A brief natural history of the orgasm

Abstract : Why the sexual climax, in humans, results in a pleasurable experience remains an important biological question. Analysis of evolutionary traits in numerous Vertebrates suggests that orgasm evolved through three phylogenetic stages during the transition from external to internal fertilization and viviparity. First, orgasm is directly dependent on ejaculation in males and the expulsion of fluids from the ovarian and urethral glands (Skene’s) in females. I propose that sexual orgasm could come from the primitive reflex of discharging gametes to ensure reproduction. Thus, the understanding of orgasm should not be reduced to a penis- or a clitoris-centred paradigm. Secondly, orgasm has evolved to stimulate sexual activity because the evolutionary transition from external fertilization to internal fertilization has been accompanied in numerous species with a lessening in reproductive rates. Because sexual activity encourages reproduction, it can be argued that orgasm has evolved to increase sexual activity, particularly in viviparous species with low reproductive rates. Third, internal fertilization in the genital tract of females weakens the visibility of the putative success of fertilization. Female sexual fluids and proteins can bias fertilization in favour of preferred males. Because orgasm could promote a better choice of partner, I argue that female orgasm may have evolved as a post-copulatory selection tactic by which females can increase their control of mates.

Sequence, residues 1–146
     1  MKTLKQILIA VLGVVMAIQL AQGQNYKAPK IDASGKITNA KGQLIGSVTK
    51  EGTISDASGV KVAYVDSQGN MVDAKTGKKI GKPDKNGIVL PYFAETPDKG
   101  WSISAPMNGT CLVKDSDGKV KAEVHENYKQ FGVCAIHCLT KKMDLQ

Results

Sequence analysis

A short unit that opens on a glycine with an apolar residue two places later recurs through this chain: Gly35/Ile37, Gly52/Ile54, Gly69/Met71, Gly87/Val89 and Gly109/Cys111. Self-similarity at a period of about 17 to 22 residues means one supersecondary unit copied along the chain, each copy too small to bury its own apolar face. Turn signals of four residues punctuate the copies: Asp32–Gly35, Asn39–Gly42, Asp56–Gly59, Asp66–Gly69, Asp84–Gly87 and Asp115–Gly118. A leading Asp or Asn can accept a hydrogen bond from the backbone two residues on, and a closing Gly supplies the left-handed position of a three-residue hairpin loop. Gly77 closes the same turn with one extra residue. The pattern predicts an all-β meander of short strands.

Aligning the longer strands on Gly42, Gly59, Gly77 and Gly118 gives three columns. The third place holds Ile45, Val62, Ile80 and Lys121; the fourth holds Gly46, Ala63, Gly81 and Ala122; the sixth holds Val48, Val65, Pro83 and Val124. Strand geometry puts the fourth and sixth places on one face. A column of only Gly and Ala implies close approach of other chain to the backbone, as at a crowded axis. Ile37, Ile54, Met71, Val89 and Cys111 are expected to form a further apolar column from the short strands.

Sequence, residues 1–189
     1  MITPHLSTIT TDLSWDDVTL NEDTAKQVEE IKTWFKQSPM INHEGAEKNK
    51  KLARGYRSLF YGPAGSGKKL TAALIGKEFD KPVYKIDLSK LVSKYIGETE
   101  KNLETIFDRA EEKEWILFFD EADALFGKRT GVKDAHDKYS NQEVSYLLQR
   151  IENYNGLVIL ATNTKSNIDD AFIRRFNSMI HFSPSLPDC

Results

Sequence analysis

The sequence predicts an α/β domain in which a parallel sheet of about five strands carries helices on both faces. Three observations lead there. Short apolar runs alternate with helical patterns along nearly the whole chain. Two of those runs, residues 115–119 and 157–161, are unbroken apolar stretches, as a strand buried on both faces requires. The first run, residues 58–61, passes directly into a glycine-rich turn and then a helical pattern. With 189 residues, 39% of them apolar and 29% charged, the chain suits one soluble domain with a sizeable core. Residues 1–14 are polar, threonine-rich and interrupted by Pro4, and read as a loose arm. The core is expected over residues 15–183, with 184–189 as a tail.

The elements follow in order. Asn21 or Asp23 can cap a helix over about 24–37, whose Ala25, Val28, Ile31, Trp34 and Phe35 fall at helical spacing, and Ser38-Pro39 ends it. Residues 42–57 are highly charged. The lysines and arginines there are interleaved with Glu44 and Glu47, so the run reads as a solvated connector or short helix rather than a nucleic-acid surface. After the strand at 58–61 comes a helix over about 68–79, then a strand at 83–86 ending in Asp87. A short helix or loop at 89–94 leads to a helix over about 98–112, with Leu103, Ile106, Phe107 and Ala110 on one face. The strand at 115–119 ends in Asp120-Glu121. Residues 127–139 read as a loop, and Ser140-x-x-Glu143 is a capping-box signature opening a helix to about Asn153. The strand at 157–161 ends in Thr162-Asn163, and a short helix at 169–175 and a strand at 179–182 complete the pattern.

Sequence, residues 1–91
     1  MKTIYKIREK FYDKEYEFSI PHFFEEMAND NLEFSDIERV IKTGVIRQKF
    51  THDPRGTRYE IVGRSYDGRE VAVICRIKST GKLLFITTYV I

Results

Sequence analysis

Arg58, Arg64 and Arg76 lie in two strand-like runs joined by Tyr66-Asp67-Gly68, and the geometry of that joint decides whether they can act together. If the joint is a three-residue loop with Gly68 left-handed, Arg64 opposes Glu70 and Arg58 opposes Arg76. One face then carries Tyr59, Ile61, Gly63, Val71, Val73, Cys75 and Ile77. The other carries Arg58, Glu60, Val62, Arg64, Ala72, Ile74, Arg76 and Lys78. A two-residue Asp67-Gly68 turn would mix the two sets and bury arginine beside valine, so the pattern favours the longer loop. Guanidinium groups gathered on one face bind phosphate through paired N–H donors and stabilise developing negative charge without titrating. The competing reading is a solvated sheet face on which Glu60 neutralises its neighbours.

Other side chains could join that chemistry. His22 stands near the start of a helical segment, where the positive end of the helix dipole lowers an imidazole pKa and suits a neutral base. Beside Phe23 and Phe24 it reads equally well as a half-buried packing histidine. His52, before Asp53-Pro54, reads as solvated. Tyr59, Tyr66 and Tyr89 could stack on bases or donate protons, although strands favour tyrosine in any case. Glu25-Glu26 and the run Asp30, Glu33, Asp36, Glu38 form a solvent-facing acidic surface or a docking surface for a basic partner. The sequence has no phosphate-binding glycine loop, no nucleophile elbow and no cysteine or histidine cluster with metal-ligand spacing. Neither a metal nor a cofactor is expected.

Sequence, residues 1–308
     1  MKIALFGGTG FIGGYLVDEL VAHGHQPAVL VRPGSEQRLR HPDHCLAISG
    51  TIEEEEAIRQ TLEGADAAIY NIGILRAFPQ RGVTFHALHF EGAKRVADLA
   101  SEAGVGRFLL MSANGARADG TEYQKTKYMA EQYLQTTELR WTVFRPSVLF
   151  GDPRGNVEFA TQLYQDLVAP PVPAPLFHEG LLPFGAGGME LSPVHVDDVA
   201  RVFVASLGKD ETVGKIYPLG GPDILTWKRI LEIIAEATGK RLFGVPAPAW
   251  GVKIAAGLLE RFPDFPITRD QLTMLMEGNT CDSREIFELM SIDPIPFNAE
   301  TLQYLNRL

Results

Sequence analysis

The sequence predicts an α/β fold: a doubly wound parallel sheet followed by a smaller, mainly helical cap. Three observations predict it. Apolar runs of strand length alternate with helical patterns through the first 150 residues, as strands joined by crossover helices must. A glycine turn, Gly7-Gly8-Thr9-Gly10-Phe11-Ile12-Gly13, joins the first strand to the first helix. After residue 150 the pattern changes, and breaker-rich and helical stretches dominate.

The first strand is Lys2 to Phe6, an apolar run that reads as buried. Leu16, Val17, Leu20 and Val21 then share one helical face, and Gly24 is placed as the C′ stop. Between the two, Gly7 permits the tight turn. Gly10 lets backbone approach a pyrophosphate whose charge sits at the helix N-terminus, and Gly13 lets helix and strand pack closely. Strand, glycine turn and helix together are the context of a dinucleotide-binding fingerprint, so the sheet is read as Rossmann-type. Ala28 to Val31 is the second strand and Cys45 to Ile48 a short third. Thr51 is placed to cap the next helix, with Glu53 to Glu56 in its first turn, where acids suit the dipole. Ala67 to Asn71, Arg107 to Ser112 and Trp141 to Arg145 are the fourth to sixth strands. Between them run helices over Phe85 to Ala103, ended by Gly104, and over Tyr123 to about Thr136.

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Thierry Lodé. A brief natural history of the orgasm. Frontiers in Life Science , Taylor and Francis, 2019, 13 (1), pp.34-44. ⟨10.1080/21553769.2019.1664642⟩. ⟨hal-02285727⟩

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